Strong growth in China – bought with high government debt

China’s economy visibly picked up steam at the beginning of the year. The upturn, which was first tentatively indicated by an improvement in sentiment surveys as of the middle of last year before firming up in countless leading indicators, is now also reflected in better growth figures. Yesterday, Easter Monday, the Chinese statistics office announced that GDP growth in Q1 2017 had been 6.9 percent. In other words, the rate not only topped that of Q4 2016, when growth had been 6.8 percent and had thus already accelerated slightly, but also favourably outperformed market expectations.

The differences may be small and would hardly be worth mentioning with regard to other economies. However, for China the announcement of the slightly faster pace of growth is notable. After all, hardly two years have passed since turbulence in the Chinese financial markets sparked major concerns about the Chinese economy’s stability. At the same time there were increasing doubts as to whether the official growth rates reported actually sufficiently reflected the Chinese economy’s real slowdown in growth. There can probably be no disputing the fact that China’s official GDP figures are politically influenced. However, if growth rates are now being reported as rising and countless other indicators reinforce the impression that the economy is gaining momentum, it would seem clear that growth in China has steadied up for the time being.

Most recently, private investments provided a stimulus; they were brisker again, having still as good as stagnated in mid-2016. The export cycle has also noticeably recovered since the beginning of the year and in the wake of two years with falling exports booked a fat plus again in Q1 2017. Chinese exporters scored significant sales successes in particular in the other major emerging markets. This upturn is now also visible in industrial activity: industrial output leaped to a two-year high of 7.6 percent in March.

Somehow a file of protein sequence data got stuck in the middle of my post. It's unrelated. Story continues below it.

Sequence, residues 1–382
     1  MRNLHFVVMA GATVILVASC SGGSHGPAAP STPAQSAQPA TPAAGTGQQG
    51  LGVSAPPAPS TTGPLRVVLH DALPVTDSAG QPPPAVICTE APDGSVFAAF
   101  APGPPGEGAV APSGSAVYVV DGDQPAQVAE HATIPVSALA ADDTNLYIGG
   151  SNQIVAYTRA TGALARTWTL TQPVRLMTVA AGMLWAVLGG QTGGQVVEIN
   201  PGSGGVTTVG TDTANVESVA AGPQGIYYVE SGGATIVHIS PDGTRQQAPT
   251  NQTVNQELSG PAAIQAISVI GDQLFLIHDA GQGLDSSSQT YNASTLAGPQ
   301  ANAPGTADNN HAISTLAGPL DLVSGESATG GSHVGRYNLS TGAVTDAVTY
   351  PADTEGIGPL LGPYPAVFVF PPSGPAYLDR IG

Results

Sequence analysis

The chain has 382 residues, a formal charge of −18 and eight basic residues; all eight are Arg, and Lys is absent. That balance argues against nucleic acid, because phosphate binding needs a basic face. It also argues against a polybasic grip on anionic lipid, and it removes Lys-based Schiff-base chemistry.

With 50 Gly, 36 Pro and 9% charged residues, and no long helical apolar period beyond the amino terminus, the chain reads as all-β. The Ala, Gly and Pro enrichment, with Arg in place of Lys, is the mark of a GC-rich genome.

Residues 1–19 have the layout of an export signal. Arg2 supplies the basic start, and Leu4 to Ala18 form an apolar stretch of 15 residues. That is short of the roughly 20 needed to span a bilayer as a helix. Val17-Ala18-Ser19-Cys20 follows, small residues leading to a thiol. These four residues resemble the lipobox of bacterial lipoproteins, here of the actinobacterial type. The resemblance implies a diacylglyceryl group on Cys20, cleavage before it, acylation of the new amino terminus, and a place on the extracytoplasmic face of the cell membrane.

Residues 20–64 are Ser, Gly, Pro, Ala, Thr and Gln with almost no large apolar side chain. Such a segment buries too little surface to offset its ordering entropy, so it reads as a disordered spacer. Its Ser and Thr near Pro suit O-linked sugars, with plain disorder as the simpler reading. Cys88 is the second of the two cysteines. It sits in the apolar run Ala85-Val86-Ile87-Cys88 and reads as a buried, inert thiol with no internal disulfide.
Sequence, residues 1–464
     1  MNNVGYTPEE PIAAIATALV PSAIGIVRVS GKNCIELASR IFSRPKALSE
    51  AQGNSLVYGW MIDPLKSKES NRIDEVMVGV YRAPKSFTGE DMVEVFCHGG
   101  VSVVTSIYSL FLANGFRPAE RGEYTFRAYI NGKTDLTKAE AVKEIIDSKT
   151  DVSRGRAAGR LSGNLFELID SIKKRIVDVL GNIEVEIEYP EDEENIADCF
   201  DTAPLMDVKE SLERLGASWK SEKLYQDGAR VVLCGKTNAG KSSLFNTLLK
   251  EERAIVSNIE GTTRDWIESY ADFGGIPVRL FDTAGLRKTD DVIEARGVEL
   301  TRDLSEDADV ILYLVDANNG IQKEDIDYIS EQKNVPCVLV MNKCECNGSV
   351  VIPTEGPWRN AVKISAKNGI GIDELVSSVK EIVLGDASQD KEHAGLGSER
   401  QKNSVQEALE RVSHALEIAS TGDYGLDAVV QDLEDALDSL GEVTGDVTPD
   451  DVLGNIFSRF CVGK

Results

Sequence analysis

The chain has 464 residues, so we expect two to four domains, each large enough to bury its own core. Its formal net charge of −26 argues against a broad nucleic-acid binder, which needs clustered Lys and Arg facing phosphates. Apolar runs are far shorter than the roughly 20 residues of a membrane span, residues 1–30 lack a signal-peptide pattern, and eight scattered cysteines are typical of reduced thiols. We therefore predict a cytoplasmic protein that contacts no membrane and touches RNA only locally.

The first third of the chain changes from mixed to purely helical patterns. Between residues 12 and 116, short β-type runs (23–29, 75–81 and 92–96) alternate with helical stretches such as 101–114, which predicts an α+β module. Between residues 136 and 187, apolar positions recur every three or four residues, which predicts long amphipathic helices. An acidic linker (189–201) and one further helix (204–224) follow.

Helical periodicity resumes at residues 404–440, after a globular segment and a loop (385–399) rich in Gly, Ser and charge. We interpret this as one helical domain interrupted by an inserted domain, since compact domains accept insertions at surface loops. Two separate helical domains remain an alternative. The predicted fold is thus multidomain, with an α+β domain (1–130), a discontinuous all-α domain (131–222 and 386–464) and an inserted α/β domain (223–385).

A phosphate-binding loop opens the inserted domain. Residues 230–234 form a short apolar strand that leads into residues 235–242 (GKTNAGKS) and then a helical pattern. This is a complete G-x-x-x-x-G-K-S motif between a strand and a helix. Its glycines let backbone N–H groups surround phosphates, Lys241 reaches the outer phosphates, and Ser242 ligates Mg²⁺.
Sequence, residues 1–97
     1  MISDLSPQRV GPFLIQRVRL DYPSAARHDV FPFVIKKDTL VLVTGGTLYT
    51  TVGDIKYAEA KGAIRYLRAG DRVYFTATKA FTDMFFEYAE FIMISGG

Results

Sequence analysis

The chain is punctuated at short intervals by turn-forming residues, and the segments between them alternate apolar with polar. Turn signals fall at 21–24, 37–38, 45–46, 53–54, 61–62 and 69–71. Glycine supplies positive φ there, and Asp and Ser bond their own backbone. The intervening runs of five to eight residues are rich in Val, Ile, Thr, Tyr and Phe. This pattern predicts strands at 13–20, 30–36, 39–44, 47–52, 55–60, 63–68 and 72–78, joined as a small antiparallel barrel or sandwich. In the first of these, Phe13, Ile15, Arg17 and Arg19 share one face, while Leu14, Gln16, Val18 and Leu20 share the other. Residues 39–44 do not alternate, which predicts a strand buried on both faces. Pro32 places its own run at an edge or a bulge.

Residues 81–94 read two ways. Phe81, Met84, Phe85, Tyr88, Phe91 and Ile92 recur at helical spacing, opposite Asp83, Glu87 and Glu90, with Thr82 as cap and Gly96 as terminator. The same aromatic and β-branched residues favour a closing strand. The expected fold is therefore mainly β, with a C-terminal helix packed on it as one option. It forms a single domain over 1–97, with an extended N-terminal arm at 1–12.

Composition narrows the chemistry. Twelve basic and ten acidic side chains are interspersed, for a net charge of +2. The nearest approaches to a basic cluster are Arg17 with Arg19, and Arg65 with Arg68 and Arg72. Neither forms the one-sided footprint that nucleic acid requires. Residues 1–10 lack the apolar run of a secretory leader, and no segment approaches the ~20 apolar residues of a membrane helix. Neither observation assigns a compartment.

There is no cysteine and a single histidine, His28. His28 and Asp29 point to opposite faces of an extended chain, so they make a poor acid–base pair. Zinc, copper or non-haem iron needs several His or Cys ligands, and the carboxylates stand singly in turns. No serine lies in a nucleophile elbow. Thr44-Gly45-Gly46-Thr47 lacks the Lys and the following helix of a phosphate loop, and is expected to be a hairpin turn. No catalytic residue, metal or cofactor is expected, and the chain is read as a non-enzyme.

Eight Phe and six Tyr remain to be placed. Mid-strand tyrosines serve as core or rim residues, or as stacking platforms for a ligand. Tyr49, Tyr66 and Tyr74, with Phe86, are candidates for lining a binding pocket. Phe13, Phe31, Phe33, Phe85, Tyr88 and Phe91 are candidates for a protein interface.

Nevertheless, doubts are still in order as regards the sustainability of the current upturn. After all, it was bought at the price of a major investment boost by government infrastructure measures and a clear expansion in loan approvals. Increasingly, the alternative financing channels through the grey zones of the shadow banking system, which Beijing combatted for many years, are being permitted again. In this way, investment activities in the private sector have presumably also become appreciably brisker. By contrast, the push provided by government investing activities has eased off again. However, what remains is the accumulated debt, which has clearly increased once more as a result of these measures. Above all, the debt burden borne by the Chinese corporate sector is unparalleled world-wide, at over 160 percent of economic output. Thus the risks to the country’s financial stability continue to rise. Yet it will hardly be possible to brake the increase in debt without stripping quite a few points of growth. Beijing, however, recently rejected such a plan.

This means that China’s economic prospects remain favourable for now. The very good economic sentiment, which steadily improved in the course of last year, points to robust growth in the second quarter and speaks against a renewed, more pronounced drop in growth rates. This would, also in the light of the political aspects, be fairly improbable. China’s export sector in particular looks set to gain as the global economy starts to pick up pace. We therefore assume that the further course of the year will see the growth rate remain more or less the same. For the year as a whole, the GDP growth rate may actually turn out slightly higher than last year, and thus easily meet the official target for this year of “6.5 percent or above”.

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